My artistic practice is an avenue for exploring themes of family, intimacy, homecoming, and the natural world, informed by my experiences as a queer and genderqueer transplant from the mountains of Southern Appalachia to the coast of New England. My work traces back to the East Tennessee landscape, to my mother, a basket weaver, and to the makers in my family lineage who quilted by necessity, as a means of expression, and with great artistry. My creative work is a process-oriented practice that offers a route back "home," a route to mending, transformation, connection, and joy.
My most recent work exists as a dialogue between photography and textile, these media having developed along parallel paths over the years, but recently becoming more integrated. Since 2018 I have been documenting the changing landscape of the Atlantic coast on photographic walks. From these images, I am creating an ever-expanding textile, which will ultimately be cut and pieced into a quilt. This work explores the fluid co-existence between human and oceanic bodies, as well as possibilities for transformation over time.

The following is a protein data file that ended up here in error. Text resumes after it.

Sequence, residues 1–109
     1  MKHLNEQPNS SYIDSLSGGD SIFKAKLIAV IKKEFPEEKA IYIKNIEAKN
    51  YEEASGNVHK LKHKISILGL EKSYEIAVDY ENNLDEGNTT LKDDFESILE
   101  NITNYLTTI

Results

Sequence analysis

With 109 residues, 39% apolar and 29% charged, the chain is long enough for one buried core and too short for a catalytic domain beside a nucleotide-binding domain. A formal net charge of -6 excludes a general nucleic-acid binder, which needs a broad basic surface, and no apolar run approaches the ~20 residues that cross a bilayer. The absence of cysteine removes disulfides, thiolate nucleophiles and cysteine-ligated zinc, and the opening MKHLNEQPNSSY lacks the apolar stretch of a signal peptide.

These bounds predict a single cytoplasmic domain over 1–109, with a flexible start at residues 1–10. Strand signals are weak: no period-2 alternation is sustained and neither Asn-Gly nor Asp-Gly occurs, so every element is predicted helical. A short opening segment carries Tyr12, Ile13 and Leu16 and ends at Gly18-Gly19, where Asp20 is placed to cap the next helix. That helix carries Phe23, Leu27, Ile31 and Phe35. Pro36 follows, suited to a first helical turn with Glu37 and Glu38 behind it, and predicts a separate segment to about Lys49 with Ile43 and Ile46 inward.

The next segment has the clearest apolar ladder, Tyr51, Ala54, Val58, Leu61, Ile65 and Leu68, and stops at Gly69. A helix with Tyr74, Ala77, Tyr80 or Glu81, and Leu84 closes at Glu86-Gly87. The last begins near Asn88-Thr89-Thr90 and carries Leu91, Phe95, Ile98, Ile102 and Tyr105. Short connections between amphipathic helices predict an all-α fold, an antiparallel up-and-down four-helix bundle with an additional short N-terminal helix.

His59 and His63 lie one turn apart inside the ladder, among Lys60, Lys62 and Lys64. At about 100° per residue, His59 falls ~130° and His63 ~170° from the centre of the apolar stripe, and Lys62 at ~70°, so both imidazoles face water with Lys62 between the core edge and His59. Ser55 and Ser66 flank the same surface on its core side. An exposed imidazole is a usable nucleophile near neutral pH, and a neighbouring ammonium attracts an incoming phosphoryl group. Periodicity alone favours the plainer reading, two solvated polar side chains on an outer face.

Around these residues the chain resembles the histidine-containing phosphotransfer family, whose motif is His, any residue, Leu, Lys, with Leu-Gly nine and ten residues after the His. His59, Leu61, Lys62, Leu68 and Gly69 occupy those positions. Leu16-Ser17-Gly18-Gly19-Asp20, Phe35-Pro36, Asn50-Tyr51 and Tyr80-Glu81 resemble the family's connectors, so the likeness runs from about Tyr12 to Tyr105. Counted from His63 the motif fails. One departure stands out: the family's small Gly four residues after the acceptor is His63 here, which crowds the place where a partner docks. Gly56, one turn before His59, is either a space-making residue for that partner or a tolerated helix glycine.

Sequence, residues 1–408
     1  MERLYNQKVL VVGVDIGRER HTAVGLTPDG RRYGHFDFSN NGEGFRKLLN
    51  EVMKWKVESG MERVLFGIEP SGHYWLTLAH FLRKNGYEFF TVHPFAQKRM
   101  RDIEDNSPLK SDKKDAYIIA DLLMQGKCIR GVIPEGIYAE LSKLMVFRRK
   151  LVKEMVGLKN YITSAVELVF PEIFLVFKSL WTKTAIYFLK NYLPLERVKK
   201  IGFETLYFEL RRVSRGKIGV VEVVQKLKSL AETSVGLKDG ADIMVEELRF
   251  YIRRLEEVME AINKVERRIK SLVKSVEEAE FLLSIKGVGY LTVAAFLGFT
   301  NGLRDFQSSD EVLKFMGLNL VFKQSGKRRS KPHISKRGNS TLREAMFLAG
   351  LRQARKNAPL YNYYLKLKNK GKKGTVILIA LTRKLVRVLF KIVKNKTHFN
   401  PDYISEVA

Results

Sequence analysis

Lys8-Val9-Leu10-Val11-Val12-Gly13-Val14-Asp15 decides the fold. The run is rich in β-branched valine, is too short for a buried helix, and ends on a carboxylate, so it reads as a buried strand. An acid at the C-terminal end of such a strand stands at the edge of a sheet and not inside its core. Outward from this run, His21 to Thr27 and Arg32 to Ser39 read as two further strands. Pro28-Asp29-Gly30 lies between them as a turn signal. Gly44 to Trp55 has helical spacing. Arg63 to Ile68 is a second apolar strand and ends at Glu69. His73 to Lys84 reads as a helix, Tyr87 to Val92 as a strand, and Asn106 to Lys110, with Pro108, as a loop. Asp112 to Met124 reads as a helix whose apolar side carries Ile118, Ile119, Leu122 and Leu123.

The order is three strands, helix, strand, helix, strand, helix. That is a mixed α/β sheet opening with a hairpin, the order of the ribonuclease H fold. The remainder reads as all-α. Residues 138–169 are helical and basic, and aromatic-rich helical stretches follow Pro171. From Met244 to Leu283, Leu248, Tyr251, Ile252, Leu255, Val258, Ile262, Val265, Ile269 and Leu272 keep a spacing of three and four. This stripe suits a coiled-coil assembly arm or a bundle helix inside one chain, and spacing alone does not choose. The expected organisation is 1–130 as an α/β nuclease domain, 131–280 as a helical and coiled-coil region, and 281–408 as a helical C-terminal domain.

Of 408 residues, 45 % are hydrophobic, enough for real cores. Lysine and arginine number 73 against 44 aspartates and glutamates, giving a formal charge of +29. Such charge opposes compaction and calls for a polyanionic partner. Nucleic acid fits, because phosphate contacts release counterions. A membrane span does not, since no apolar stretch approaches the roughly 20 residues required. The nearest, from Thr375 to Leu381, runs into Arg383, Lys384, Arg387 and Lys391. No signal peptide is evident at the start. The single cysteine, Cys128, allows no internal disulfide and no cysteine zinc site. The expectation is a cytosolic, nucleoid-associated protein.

I also create smaller textile works in playful contrast to the dominant culture of fear-based mass consumerism that obscures our collective humanity and interdependence.
Statement on social location
I am a white, queer, non-binary survivor raised in the southeastern United States, now living in an urban center in the northeast. I have a degree in public health and employment that grants me socioeconomic privilege. I navigate the world with a service dog to help mitigate the effects of a chronic health condition. I have lived on and benefitted from the stolen lands of the Cherokee, Osage, Miami, Shawnee, Peoria, Ho-Chunk, Sauk and Meskwaki, Sioux, Wampanoag, Massachusett, Narragansett, and Agawam. I support government and other institution-based reparations for Black and Indigenous communities, as well as redistribution of personal resources toward being in right relationship with others.